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B NASA Europa announcement

  1. Sep 21, 2016 #1
    for those interested: http://www.sciencealert.com/nasa-s-...about-surprising-activity-on-europa-on-monday
    Any speculations as to what they will announce? I was thinking plumes like on Enceladus but then I realised they've already been seen on Europa. So my guess it'll be something that these plumes are more common than thought or they imply the ocean is closer to the surface than thought or something like that. Any other ideas?
  2. jcsd
  3. Sep 21, 2016 #2


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    From the article you linked to...
  4. Sep 21, 2016 #3
    That would hardly be news, most people already think there is a subsurface ocean so that we must have some data about it. Maybe increasing confidence that its there ( which was already pretty damm high) or some new property of it that was unknown. Maybe the depth of the ice sheet?
  5. Sep 21, 2016 #4
    "Manage our expectations"??
    Also from the article - "Hubble Space Telescope images of Europa, and are to do with "activity that may be related to the presence of a subsurface ocean on Europa".
    "the moon has vast, salty oceans below its crust, but without sending a rover there, we haven't been able to confirm this."
    I'm not sure what revelation Hubble could provide, but we've seen a lot of anti-climactic NASA announcements before. I'm guessing this will be one of them. The newsflash would be when they finally send a real probe or rover to physically study Europa. At least sample the surface ice, especially the areas where it looks like the ice has cracked and allowed warmer ice to well up from beneath. Send back some data on that and I'll gladly tune in.
    I've always found NASA's lack of funding for Europa missions to be a little puzzling. On the one hand, it's not the greatest place for any kind of habitation, too far away too much radiation, etc. That's a given.
    On the other hand, NASA claims they're looking for life. "Follow the water" they say. But we've known about at least one internally warm, giant ball of water out there for decades and still not even a lander to sample the icy shell. The list of abandoned missions goes on and on - https://en.wikipedia.org/wiki/Europa_(moon)#Exploration . No time for Europa, but plenty of time and money for Mars. We just keep battin' those probes out there. What did the last Mars probe find? Rocks and dust. What will the next Mars probe find? More rocks and dust. This has gone on since the 1970s. Can we send even one of these probes to a world we heavily suspect harbors a real, present day ocean? Get some important questions answered about a probable water world?? Nah. We'll announce we took a picture of it with Hubble, though. Lookit there, it's round and icy. Huh. Is there possibly an ocean there with life in it? The world may never know for sure. We're too busy working on Mars and Pluto.
  6. Sep 21, 2016 #5
    A fair point. Im hoping the hype is to try and get people excited about Europa to fund a mission go there. Im be surprised if NASA would turn down the opportunity if given to them.
  7. Sep 21, 2016 #6


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    Although I agree that Europa deserves a good look under her skirt (of ice), I also find Mars really interesting.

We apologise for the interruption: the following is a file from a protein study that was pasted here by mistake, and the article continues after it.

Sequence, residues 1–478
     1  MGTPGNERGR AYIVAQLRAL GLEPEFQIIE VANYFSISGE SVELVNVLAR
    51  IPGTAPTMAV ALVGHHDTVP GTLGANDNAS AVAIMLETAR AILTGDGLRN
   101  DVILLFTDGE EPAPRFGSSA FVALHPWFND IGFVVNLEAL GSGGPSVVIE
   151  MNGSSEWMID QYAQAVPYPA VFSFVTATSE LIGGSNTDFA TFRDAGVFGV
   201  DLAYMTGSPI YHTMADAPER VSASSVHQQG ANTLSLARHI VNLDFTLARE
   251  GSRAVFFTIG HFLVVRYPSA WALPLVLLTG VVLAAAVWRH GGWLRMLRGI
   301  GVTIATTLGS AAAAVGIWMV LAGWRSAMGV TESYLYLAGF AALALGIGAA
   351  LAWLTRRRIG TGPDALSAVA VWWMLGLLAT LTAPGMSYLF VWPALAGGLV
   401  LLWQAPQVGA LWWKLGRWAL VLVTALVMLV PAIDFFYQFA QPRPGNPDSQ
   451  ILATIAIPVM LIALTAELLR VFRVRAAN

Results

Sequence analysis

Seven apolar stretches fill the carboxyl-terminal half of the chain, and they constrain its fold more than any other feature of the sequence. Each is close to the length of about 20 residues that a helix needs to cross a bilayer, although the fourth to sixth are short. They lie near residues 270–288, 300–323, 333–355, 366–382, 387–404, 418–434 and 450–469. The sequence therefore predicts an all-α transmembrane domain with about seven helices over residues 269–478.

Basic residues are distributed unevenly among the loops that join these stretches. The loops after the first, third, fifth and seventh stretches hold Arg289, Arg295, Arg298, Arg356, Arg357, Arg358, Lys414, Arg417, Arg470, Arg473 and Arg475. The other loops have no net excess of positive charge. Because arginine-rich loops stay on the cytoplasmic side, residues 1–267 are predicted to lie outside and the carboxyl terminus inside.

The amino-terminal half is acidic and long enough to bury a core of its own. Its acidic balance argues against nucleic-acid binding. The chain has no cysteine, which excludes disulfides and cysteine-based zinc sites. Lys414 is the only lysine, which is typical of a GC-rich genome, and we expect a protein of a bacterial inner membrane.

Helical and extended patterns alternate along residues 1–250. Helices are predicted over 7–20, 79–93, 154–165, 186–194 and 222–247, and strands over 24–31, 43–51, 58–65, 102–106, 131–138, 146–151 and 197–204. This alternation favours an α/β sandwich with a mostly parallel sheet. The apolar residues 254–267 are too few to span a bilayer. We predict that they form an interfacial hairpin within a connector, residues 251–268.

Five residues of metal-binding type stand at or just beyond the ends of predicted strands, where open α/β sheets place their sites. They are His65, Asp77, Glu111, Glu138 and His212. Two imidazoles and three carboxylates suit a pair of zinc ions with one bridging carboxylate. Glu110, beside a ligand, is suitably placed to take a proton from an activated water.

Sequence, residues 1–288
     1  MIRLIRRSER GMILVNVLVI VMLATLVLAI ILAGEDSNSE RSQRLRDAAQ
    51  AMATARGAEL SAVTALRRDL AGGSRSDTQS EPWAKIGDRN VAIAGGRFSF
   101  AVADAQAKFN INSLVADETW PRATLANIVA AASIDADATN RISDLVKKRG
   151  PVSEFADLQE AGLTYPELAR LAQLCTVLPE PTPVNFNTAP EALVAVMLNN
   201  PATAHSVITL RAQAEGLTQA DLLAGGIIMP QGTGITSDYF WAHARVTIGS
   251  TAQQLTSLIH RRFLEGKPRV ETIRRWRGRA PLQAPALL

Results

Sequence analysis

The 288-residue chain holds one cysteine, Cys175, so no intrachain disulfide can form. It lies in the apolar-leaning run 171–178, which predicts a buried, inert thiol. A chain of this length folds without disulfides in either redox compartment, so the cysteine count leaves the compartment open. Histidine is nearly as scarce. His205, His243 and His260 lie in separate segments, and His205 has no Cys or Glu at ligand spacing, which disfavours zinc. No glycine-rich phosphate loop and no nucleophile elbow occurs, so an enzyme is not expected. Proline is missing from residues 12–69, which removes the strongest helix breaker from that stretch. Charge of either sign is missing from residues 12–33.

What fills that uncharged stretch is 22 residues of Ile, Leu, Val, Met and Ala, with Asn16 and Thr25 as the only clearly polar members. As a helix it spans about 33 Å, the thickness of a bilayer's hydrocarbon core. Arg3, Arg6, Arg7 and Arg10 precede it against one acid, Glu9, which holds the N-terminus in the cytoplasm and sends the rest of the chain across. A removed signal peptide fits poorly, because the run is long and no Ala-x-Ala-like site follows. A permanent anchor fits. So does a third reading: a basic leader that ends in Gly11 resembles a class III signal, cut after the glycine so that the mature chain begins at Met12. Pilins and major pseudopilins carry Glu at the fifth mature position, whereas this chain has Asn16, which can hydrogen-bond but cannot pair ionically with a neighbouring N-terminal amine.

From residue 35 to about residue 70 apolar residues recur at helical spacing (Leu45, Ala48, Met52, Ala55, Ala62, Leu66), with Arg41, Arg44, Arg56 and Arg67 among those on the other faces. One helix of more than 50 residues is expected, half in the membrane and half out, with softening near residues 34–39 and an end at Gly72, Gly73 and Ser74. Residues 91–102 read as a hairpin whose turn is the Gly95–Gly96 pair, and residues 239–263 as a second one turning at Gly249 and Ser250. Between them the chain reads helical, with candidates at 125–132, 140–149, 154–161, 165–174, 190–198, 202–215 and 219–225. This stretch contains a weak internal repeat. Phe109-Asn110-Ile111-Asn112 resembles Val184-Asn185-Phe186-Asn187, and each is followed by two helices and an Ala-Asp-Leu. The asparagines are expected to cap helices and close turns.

Actually, Mars has those salty, liquid water, seasonal seeps. It could drive Curiosity over to one of them, but they are worried that Curiosity would contaminate it with earth life (bacteria, fungi, tardigrades) which might be invasive, out compete the local stuff and screw up their Mars life studies (plus destroy the local environment).
    These same environmental issues will apply to anything going to Europa of course.
  8. Sep 22, 2016 #7
    Apparently NASA are going to say something about an observation made by the Hubble telescope.
    That probably means something interesting has been seen on the surface.
  9. Sep 22, 2016 #8
    Yes, I'm aware, there are also more discoveries that could be made on Mars if they took ice core samples from a polar region or tried to explore some of the caves they've detected. Of course they haven't actually done any of that, they seem to think they'll find some sort of extremophile in the seep you mentioned. Even if they did, there would be endless debate - did it come from the rover itself? As you mentioned, contamination is a concern. All I'm suggesting is, let's take a break from pictures of sand and rocks on Mars and sample some of that sea ice from Europa. Martian sand 'n seep is not as interesting to me as a global ocean.
    I will give NASA credit for a pretty good Cassini mission, though. Passing Cassini through the plumes of Enceladus is my kind of mission, they should apply the same vigor to Europa. Huygens landing on Titan was excellent work too. Again, we could use that approach with Europa.
  10. Sep 23, 2016 #9


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    Learning about our own solar system is difficult, even with our finest telescopes. The universe is really, really big.
  11. Sep 23, 2016 #10


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    Thanks for posting about the news! It will be very interesting to hear about it on Monday!
  12. Sep 23, 2016 #11


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    NASA astrobiologist Kevin Hand compared the chemistry of Europa to the circuit of a battery. He likened the oxidants from the ice to its positive end and the chemicals from the seafloor to the negative end.

    “Whether or not life and biological processes complete the circuit is part of what motivates our exploration of Europa," Hand said in the press release


    The remarks of the NASA astrobiologist set me to musing over the electrical basis of human cellular activity. From coral with its geological attributes to carbon-breathing trees on Earth, there are lifeforms which stretch the term, biology.
  13. Sep 23, 2016 #12